Navigation Links
Dow AgriSciences, MU researcher develop a way to control 'superweed'
Date:1/21/2011

COLUMBIA, Mo. They pop up in farm fields across 22 states, and they've been called the single largest threat to production agriculture that farmers have ever seen. They are "superweeds" undesirable plants that can tolerate multiple herbicides, including the popular gylphosate, also known as RoundUp and they cost time and money because the only real solution is for farmers to plow them out of the field before they suffocate corn, soybeans or cotton. Now, thanks to the work of researchers at Dow AgroSciences, LLC, who have been collaborating with a University of Missouri researcher, a new weapon may be on the horizon to eliminate superweeds.

Zhanyuan Zhang, a research associate professor of plant sciences and director of the MU Plant Transformation Core facility, partnered with research scientists at Dow AgroSciences, LLC, to engineer soybean plants that can tolerate an alternative herbicide that may help slow the spread of superweeds, such as tall waterhemp.

According to an article in the May 3 edition of the New York Times, farmers considered RoundUp a "miracle chemical" when it was introduced because it killed a wide variety of weeds, is safe to work with, and broke down quickly, reducing environmental impact. However, weeds quickly evolved to survive gylphosate, and that threatened to reverse an agricultural advance known as minimum-till farming. As the superweeds survive in the fields, farmers must spend more time to get rid of them, even going so far as pulling the weeds by hand. The Times noted that there were 10 resistant species in at least 22 states infesting millions of acres of farmland.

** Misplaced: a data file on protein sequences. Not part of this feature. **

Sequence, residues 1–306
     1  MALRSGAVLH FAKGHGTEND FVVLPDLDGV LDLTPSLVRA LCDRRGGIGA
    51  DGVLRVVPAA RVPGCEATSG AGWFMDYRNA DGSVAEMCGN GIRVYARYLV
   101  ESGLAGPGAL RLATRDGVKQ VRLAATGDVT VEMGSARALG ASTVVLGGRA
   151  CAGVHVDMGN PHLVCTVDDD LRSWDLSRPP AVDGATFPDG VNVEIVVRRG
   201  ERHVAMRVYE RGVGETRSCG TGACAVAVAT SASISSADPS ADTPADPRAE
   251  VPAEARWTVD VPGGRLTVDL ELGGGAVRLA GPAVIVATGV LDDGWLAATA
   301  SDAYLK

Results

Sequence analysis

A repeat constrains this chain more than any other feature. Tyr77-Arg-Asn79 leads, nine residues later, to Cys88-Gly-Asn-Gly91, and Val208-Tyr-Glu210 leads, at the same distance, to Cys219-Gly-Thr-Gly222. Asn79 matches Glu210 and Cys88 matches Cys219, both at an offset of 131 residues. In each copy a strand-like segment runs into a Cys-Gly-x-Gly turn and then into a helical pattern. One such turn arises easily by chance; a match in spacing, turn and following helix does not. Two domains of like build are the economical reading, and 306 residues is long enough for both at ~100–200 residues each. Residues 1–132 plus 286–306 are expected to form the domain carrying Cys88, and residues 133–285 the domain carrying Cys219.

Using a massive genetic database and a bioinformatic approach, Dow AgroSciences researchers identified two bacterial enzymes that, when transformed into plants, conferred resistance to an herbicide called "2,4-D," commonly used in controlling dandelions. The enzymes were successfully put into corn and soybean plants, and those new plants showed excellent resistance to 2,4-D, including no negative effects on yield or other agronomic traits. Other advantages of 2,4-D include low cost, short environmental persistence, and low toxicity to humans and wildlife.

"Unlike glyphosate, which targets amino acid synthesis, 2,4-D is a hormone regulator. Because it has a different mode of action, 2,4-D is an ideal herbicide to deal with glyphosate-resistant weeds," said Zhang, who managed the soybean transformation portion of the study and contributed to some data analysis.

Zhang believes that 2,4-D could eventually be combined with other herbicides in the near future. In the meantime, Zhang says an integrated weed management plan can help farmers be productive and ultimately save money for the consumer.

"The less chemicals farmers use in the field, the less money they spend on production," said Zhang. "That leads to less cost for the consumer, as well as improved food safety and environmental safety."


'/>"/>